Nissan Motor Co slashed its full-year profit forecast to its lowest in nearly a decade due to weakness in the United States, just as it adjusts to life without Carlos Ghosn and charts its future with alliance partner Renault SA.

The Japanese automaker expects operating profit for the year ended March to drop 45 percent versus a year earlier to 318 billion yen ($2.84 billion), from a previous forecast for 450 billion yen, on expenses related to extending vehicle warranties in the United States, its biggest market.

In a statement on Wednesday, Nissan said sales had taken a hit in the aftermath of the arrest of former Chairman Ghosn, contributing to a decline in profit to its lowest since the year ended March 2010.

This is the second cut to the automaker’s operating profit forecast in two months, and adds pressure on Chief Executive Hiroto Saikawa just as he works to draw a line under Ghosn’s legacy by overhauling corporate governance and seeking a more equal footing with Renault, Nissan’s biggest shareholder.

Nissan is scheduled to announce its full-year earnings results on May 14. Falling profit has been a headache since before Ghosn was first arrested in November on allegations of financial misconduct. Currently in jail following his fourth arrest, Ghosn – who denies wrongdoing – could learn as early as Wednesday whether he will be released on bail for a second time.

Nissan has struggled to reduce costly sales incentives in the United States.

For years it has relied on heavy discounting in its biggest market to sell its Rogue compact sport utility vehicles and Altima sedans to expand market share, under aggressive targets Ghosn set during his time as chief executive.

Saikawa has since pledged to stop chasing share and instead focus on improving profit margins. The automaker has also turned it focus to China as its next major growth market, albeit just as vehicle sales in the world’s biggest auto market have slowed.

Since his ouster at Nissan in November, Ghosn has accused his former colleagues of a boardroom coup aimed at scotching his plan to merge Nissan and Renault.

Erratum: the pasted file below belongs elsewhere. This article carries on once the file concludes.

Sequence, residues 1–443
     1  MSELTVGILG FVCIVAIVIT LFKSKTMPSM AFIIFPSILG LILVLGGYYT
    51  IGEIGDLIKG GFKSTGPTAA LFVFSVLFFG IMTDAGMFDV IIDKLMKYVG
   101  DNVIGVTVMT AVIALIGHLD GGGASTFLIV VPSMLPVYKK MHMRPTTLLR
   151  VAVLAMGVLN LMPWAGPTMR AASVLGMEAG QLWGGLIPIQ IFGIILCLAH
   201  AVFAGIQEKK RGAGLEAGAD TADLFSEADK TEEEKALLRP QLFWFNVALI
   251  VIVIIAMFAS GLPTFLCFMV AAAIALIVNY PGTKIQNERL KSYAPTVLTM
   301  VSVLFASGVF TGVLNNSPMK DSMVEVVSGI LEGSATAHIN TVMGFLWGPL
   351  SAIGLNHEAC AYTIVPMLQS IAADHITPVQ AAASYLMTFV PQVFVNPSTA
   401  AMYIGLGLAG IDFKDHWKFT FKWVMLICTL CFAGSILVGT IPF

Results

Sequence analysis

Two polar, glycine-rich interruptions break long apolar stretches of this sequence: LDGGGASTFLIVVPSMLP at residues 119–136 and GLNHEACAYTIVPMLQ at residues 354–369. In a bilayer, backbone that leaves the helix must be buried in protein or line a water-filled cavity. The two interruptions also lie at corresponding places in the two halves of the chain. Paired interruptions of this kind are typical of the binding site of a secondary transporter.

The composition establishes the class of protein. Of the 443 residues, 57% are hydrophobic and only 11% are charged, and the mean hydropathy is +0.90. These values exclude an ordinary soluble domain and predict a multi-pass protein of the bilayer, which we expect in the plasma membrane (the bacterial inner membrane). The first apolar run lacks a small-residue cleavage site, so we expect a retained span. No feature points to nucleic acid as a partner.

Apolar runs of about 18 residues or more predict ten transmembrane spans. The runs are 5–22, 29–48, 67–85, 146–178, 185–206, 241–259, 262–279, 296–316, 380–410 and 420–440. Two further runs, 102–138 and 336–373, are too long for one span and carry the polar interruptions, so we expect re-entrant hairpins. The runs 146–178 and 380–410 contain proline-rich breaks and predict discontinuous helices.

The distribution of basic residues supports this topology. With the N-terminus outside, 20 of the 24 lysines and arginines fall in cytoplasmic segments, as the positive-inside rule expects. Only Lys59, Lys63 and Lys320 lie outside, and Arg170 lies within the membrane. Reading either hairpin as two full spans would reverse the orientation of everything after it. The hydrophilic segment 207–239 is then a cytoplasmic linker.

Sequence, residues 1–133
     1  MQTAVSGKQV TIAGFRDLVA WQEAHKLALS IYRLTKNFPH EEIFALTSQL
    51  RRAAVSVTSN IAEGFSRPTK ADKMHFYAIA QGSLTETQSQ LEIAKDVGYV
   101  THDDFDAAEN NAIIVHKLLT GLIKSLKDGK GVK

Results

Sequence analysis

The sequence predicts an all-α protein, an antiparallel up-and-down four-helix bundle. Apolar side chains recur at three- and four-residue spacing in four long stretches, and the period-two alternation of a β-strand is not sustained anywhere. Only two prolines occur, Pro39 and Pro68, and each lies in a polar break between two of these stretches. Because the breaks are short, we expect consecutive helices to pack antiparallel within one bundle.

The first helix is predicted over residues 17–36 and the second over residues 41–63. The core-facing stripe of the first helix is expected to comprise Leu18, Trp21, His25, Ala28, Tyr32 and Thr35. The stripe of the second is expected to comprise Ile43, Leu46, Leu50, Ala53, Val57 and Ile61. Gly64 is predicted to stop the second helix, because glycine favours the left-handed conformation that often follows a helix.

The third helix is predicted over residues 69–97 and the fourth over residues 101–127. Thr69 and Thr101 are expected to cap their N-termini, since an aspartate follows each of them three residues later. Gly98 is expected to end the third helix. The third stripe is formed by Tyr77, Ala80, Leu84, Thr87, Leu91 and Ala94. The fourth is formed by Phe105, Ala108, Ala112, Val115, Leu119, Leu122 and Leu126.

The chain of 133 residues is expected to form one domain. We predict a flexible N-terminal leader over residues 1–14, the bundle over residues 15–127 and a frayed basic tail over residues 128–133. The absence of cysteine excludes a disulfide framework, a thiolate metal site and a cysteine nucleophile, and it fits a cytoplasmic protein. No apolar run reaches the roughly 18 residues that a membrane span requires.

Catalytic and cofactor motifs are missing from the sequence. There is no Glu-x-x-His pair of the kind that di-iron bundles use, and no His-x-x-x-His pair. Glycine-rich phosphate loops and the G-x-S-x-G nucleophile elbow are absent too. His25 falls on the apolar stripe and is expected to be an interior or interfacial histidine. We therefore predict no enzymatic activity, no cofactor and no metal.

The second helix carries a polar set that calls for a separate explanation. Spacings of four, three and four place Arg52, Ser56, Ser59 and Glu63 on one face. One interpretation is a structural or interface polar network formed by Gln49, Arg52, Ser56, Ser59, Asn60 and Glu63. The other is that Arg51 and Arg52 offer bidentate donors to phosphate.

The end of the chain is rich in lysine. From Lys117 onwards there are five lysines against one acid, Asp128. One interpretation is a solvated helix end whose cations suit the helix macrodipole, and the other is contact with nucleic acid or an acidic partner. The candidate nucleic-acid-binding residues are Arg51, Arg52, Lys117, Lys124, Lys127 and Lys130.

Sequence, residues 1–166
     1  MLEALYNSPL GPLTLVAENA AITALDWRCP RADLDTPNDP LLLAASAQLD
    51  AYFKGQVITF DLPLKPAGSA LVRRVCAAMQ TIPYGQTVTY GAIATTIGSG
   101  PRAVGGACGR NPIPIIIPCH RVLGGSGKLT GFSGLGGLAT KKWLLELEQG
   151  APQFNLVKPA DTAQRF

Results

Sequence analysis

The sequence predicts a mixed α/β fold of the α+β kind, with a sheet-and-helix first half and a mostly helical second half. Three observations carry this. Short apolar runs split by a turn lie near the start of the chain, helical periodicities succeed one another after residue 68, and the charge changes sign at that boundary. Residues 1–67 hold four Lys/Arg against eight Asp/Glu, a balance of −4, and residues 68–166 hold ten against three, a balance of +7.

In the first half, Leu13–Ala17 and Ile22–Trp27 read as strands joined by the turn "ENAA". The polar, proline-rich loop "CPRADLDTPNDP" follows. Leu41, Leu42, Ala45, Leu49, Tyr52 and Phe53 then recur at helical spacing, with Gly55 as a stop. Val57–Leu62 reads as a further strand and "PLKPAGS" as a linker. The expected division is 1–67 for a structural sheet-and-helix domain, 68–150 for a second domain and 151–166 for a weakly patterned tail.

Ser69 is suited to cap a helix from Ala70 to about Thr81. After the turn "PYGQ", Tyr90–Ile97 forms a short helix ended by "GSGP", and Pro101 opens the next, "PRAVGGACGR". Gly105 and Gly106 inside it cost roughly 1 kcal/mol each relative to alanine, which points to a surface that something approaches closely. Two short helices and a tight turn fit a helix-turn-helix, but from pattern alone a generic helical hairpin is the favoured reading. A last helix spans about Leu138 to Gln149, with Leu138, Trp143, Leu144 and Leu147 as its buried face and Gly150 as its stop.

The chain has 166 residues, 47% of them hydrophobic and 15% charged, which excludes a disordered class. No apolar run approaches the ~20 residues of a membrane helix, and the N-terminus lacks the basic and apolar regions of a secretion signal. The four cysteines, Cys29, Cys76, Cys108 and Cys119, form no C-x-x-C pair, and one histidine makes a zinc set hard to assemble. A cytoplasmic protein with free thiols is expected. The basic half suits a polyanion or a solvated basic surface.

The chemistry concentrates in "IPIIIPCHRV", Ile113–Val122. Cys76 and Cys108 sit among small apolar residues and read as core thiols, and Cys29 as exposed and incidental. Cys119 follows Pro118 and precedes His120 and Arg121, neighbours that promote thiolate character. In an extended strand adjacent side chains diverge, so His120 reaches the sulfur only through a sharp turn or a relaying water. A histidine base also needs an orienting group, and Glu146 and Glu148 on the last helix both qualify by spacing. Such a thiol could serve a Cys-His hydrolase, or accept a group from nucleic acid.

In a video statement shown to reporters earlier this month, Ghosn said Nissan had “management problems” since he gave up the CEO role two years ago, which had resulted in profit warnings.

While Nissan’s troubles could raise the need for stronger co-operation with Renault, the Japanese automaker appears to be resisting closer ties with a partner it exceeds in both vehicle sales and profitability.

“Now is not the time to think of such things,” Saikawa told a group of reporters outside of his house in Tokyo on Monday, in response to a Nikkei report that Nissan would reject an integration proposal from Renault.

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Five of YouTube’s biggest markets in the world are in Asia



YouTube has more than a billion users worldwide.

According to Vidyasagar, the first two markets in the world that turned to mobile ahead of desktop consumption of videos were actually Japan and South Korea. But others are catching up, he added.

“Over the last few years, what we’ve seen in markets like India is truly astounding,” he said. “India today has nearly 85% of its volume consumed through mobile devices. We, last year, saw nearly a very, very high triple digit growth on mobile — on top of that very high volume.”

The same is true for Southeast Asia, in markets like Thailand and Indonesia, he added.

That said, in recent years, social platforms like YouTube and others have come under regulatory scrutiny to monitor the spread of hate speech, misinformation and other kinds of banned content on their platforms.

In India, for example, a state court ordered the federal government to ban the popular Chinese video sharing app TikTok, saying it was encouraging pornography, Reuters reported. TikTok has been downloaded by nearly 300 million users so far in India, and the ban puts more than 250 jobs at risk, according to the news agency.

To live up to regulatory standards, companies like YouTube and social networking giant Facebook use a variety of tools, including artificial intelligence, to detect the presence of controversial materials on their sites.

Vidyasagar said both YouTube and Google have invested extensively in technologies like machine learning and in people, as well as implemented tools and policies, to meet regulatory standards.

“We need a mix of both machine and human interference to come together here,” he added.